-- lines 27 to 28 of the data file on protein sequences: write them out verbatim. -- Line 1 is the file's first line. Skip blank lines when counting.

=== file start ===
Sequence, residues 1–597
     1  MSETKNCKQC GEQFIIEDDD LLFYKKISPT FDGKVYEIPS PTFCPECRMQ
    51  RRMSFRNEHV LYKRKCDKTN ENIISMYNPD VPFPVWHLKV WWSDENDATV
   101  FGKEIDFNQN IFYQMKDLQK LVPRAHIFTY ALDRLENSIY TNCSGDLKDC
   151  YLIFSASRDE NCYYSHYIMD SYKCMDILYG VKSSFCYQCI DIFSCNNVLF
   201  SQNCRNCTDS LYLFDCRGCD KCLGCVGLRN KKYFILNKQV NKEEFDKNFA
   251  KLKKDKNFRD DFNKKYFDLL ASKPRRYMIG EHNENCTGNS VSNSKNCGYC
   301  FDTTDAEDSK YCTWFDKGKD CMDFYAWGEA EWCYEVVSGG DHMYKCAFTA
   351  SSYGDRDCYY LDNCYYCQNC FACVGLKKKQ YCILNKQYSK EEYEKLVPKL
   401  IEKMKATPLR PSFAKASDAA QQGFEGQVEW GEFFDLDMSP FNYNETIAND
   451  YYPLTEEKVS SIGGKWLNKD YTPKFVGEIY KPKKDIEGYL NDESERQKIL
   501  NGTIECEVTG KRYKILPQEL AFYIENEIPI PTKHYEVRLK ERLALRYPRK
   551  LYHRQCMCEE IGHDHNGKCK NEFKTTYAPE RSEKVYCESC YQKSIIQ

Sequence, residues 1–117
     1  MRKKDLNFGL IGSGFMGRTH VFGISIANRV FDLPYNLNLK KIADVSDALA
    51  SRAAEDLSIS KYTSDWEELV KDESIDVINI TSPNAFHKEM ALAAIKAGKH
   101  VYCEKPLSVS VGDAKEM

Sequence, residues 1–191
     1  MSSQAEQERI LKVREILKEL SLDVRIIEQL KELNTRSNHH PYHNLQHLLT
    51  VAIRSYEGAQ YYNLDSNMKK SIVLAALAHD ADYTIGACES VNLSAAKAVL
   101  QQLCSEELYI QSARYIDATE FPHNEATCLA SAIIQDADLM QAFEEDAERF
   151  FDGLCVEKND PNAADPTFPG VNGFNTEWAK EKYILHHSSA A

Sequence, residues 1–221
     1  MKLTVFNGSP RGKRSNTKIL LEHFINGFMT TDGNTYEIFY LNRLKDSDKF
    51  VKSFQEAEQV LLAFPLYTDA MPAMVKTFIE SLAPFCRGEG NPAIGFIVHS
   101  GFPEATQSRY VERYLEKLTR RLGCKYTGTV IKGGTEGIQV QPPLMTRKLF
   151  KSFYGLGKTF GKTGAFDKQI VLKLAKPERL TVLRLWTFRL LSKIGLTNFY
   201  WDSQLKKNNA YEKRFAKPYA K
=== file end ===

   151  KSFYGLGKTF GKTGAFDKQI VLKLAKPERL TVLRLWTFRL LSKIGLTNFY
   201  WDSQLKKNNA YEKRFAKPYA K